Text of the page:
Chromosome 3-encoded GBPs and the AIM2 inflammasome are both equally required to resist F. novicida infection in vivo [13,15]. Yet, whether GBPs might have anti-F. novicida functions dependent on other inflammasomes or inflammasome-independent antibacterial responses remain unclear [10,16]. In this work, we demonstrate that GBPs control F. novicida-mediated host cell death in a hierarchical manner implicating at least 3 different canonical and non-canonical inflammasome complexes as well as apoptotic caspases 8, 9 and 3. Furthermore, we demonstrate that upon IFN-γ treatment, GBPs control F. novicida replication independently of the canonical and non-canonical inflammasome pathways and independently of macrophage cell death. IFN-γ-, GBPs-mediated inhibition of intracellular bacterial growth was also effective during F. tularensis spp. holarctica Live Vaccine Strain infection, while IFN-γ was inefficient to block the replication of the highly virulent F. tularensis SCHU S4 strain. Finally, we demonstrate in vivo that IFN-γ-mediated host protection against F. novicida is largely GBPs-dependent and inflammasome-independent. Our work thus positions the GBPs as the master effectors of the IFN-γ-mediated anti-F. novicida responses.

Results

Gbpchr3 and the inflammasome control in vivo host resistance to F. novicida in a non-redundant manner

We and others have previously reported that Gbpchr3-deficient and inflammasome-deficient mice (Aim2-/-, Asc-/- and Casp1/Casp11-/- mice) were highly susceptible to F. novicida infection [13,15,24,25,27,28]. In vitro studies have demonstrated that GBPs act upstream of the AIM2 inflammasome [13,15,16] suggesting that the Gbpchr3 deficiency should phenocopy deficiencies in the AIM2 inflammasome. In a survival experiment, Gbpchr3-KO and Asc-/- were almost as susceptible to F. novicida infection (Fig 1A) although we consistently noticed that Gbpchr3KO mice died slightly faster than Asc-/- mice. Similarly, Gbpchr3-KO and Asc-/- mice displayed very high bacterial burden both in the spleen and in the liver at day 2 post-infection (PI) with an average of 40-fold more bacteria than WT mice (Fig 1B). Surprisingly, at 48 h PI, IFN-γ level in the serum of Gbpchr3-deficient mice reached WT levels while in agreement with previous work [28], IFN-γ level in the serum of Asc-/- mice was strongly decreased (Fig 1C). We and others have previously reported that early (16 h PI [13], 24 h PI [16]) IL-18 production in vivo is GBPs-dependent, a finding which we reproduced here (Fig 1D). However, at later time points (48 h PI), IL-18 levels were similar in Gbpchr3-KO and in WT mice (Fig 1E). As expected, IL-18 levels in infected Asc-/- mice were not statistically different from the levels observed in uninfected mice. These results indicated that inflammasome activation was only delayed in vivo in Gbpchr3-deficient mice. The increase in IL-18 levels observed over 48h in infected Gbpchr3-KO mice likely explained the high IFN-γ serum level observed in these mice. The high susceptibility of Gbpchr3-KO mice to F. novicida infection despite high levels of circulating IFN-γ is remarkable since IFN-γ is considered to be one of the most important cytokine to fight Francisella infection [2931]. This conundrum led us to hypothesize that GBPs might be the main IFN-γ effector in F. novicida-infected mice. Furthermore, this result indicates that while the overall susceptibility of Gbpchr3-deficient mice and Asc-/- mice to F. novicida infection are similar, the in vivo antibacterial mechanisms of GBPs are, at least partially, independent of the inflammasome.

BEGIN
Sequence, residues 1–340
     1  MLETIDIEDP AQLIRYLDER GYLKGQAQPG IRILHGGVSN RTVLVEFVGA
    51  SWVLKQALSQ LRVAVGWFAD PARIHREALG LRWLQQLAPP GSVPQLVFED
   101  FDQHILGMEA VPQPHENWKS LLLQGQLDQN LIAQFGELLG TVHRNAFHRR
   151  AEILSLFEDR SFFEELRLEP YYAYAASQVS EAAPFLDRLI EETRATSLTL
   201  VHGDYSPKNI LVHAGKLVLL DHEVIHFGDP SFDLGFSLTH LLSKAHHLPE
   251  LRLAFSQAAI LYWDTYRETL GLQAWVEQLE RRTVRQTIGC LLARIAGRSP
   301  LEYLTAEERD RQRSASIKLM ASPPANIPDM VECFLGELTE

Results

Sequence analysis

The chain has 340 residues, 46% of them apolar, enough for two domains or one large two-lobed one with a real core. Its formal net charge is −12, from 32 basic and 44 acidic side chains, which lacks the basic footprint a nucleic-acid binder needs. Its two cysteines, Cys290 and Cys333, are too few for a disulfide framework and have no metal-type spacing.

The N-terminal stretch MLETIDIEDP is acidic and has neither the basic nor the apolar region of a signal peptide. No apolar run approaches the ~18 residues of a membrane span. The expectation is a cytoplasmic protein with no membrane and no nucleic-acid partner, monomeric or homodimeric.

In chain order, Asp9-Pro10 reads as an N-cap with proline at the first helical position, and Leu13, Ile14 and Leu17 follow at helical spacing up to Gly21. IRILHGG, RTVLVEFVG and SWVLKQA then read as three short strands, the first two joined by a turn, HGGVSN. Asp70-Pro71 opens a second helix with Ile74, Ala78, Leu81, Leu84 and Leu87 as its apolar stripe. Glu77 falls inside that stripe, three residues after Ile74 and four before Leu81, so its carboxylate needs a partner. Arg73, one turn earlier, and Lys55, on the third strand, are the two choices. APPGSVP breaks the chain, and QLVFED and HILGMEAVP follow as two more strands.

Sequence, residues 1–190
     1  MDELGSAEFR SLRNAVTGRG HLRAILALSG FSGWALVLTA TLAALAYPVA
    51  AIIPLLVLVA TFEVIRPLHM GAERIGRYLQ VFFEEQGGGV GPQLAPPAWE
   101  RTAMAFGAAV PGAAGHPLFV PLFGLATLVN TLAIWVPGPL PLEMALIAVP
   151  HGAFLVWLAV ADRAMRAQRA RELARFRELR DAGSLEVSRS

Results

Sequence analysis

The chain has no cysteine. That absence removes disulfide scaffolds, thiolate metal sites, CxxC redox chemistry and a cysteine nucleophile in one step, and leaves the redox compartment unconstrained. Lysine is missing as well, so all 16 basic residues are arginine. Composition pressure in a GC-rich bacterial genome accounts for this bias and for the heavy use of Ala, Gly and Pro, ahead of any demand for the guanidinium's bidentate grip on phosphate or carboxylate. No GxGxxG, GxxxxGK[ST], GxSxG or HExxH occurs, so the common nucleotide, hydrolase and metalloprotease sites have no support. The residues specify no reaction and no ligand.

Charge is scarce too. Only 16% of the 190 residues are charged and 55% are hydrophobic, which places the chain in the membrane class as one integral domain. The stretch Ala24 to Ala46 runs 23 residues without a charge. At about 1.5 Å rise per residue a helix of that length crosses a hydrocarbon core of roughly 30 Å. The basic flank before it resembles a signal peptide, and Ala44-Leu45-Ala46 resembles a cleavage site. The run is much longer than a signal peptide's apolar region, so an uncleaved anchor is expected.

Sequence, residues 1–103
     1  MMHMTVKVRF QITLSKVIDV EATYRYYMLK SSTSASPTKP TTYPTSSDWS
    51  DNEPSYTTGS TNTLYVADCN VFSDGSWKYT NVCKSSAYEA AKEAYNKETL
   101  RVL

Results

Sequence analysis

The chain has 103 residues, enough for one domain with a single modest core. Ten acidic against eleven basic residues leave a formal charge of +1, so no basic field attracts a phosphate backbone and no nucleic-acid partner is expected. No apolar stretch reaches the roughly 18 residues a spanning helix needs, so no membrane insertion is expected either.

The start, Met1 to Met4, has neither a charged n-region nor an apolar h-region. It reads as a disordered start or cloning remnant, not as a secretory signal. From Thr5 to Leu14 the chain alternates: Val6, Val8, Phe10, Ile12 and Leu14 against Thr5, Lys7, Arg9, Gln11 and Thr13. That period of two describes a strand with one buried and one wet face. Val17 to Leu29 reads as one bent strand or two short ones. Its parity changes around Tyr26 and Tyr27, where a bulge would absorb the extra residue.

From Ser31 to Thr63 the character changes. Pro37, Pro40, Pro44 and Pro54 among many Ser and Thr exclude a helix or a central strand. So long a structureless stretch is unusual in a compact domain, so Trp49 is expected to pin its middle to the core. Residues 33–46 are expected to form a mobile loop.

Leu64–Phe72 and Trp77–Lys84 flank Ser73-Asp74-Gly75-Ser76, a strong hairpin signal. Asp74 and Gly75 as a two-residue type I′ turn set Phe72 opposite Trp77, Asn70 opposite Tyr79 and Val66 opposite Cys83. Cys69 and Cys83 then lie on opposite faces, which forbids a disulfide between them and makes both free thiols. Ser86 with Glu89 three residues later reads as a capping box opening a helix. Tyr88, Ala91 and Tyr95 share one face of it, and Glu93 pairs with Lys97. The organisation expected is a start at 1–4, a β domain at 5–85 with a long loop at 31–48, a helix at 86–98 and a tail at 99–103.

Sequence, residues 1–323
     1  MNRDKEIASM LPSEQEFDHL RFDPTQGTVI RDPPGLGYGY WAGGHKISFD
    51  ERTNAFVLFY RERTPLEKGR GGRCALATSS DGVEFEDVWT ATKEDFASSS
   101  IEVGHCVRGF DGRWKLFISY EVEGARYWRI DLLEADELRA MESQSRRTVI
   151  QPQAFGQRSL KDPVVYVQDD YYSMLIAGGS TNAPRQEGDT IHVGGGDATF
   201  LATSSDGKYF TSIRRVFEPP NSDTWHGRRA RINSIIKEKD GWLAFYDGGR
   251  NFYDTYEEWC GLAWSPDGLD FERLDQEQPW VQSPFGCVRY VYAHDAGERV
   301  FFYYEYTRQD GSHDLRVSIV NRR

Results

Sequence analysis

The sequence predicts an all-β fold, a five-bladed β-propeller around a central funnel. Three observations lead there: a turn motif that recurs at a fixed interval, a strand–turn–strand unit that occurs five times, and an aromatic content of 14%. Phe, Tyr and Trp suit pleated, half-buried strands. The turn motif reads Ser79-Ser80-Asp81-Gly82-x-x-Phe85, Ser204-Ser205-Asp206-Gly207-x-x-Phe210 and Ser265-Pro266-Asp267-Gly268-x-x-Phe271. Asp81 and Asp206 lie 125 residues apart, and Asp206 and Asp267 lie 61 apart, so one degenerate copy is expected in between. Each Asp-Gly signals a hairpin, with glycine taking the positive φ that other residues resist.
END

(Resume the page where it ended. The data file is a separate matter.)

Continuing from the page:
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Fig 1. Gbpchr3 and the inflammasome control the in vivo host resistance to F. novicida in a divergent manner.